Seems the EU values data privacy more than others!

Nikhil Bhave
Sunday, 3 June 2018

New law brings also more protection from breaches

In the last week, many of us have seen updates telling us that our data will be shared with third-party clients, and in many cases, if you don’t want it, you cannot access that app

rogramme anymore. 

If you have opted in, this is just the effect of the General Data Protection Regulation (GDPR) coming into play.

For those who don’t know what the heck this is, the GDPR is a regulation in EU law on data protection and privacy for all individuals within the European Union. It also addresses the export of personal data outside the EU.

Data is a valuable commodity today, and many questions still remain on how it is gathered, and protected. It ensures heavy penalties if data owners’ rights are not respected.

Also, we have seen enough data breaches to keep us at an ‘X-files’ level paranoid, and the regulation answers a big part of the concern. 
Not only are organisations to ensure that data is gathered legally, but also that those who are collecting and managing it are obliged to protect it from misuse and exploitation. 

But there could be other consequences, too. Wilbur Ross, US Commerce Secretary, has raised concerns in an article in the Financial Times.

Ross says the law will hit many sectors in the US. The anonymisation factor, for example, he says if the access to Internet domain-name registration data is restricted, access to the ‘whois’ dats may face restriction.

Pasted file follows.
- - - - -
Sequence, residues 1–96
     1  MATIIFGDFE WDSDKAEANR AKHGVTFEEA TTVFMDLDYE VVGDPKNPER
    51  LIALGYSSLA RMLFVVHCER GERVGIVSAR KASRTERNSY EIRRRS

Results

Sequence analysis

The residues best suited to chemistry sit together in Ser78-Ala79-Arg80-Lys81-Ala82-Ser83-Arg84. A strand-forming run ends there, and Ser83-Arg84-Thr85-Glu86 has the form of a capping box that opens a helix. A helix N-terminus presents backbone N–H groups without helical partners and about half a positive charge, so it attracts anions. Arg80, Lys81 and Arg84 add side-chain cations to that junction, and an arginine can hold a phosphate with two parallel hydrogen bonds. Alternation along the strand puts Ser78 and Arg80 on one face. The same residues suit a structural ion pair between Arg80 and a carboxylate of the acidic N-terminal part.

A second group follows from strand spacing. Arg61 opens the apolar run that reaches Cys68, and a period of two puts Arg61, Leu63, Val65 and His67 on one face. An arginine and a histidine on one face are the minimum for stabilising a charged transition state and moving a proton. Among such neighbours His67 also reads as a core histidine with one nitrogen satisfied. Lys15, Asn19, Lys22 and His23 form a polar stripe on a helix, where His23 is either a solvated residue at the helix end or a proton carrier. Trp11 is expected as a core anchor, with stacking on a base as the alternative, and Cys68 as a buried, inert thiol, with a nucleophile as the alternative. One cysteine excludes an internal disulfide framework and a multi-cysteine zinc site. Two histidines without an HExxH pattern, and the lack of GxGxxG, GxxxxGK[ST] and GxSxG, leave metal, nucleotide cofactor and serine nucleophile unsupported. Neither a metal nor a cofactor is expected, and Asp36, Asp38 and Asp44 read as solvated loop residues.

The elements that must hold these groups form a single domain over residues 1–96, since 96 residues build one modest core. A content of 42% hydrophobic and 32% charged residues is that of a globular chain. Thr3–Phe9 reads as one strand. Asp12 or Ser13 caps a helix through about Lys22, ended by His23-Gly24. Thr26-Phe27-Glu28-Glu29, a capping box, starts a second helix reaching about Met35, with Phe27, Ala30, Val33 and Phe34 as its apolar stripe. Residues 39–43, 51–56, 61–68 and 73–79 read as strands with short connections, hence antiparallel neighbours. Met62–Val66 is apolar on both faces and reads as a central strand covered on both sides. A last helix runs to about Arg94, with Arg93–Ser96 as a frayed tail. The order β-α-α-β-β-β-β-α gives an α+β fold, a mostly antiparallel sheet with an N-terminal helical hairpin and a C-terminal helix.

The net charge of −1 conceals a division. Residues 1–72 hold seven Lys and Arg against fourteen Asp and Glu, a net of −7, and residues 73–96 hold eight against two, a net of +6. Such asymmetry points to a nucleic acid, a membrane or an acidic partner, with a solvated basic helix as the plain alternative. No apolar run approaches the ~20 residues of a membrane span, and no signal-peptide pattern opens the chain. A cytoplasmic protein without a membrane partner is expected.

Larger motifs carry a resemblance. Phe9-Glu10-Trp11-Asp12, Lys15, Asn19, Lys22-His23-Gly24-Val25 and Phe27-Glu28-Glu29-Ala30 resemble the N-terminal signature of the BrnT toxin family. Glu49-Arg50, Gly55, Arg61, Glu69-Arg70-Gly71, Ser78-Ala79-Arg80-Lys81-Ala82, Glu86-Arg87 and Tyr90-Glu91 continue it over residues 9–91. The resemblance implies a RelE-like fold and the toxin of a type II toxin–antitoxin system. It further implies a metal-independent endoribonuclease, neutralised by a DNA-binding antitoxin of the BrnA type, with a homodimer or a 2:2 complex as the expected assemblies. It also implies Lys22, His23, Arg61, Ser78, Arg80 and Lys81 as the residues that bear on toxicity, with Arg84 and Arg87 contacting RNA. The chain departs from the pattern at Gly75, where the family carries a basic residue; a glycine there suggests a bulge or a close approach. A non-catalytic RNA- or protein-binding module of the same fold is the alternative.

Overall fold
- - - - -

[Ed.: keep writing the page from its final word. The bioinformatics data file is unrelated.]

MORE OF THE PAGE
This, in turn, will hamper law enforcement authorities from cracking down on sites propogating terrorism, malware or botnets, the secretary adds
Another area of concern is online advertising. It is a bit vague on what will make up ‘personal information’. Also, there are heavy penalties for non-compliance, but just how it will be implemented, remains to be seen.

As such, top players like Google and Amazon should be safe from the law, it is the smaller, and sometimes not-so-nice, players that need to watch out. As of now, Google, Facebook and Amazon are familiar names in the case of a user opting in to share his information, but the smaller players may suffer. 

Another key part of the regulation will be full transparency. A single site may have been sharing data with any number of partners for targeting ads without the user’s consent. Now, all of them must be brought into the open and their practices  and contracts rejigged to comply with the GDPR. That means unearthing a notoriously messy system that’s been built on the idea that there’s no cost to sharing data. 

Of course, will this make data collection any less invasive? It is too early to give a definite answer, but it seems this is definitely a step in the right direction so far. 

What is set to change
- So far, most companies have aimed for a single set of privacy rules for all users, which is why so many US users are noticing new privacy features. 
- As sharing user data gets more expensive, sites may opt for lesser number of partners. 
- On the other hand, question marks remain regarding responsibility if the data breach happens from one of the partner firms.

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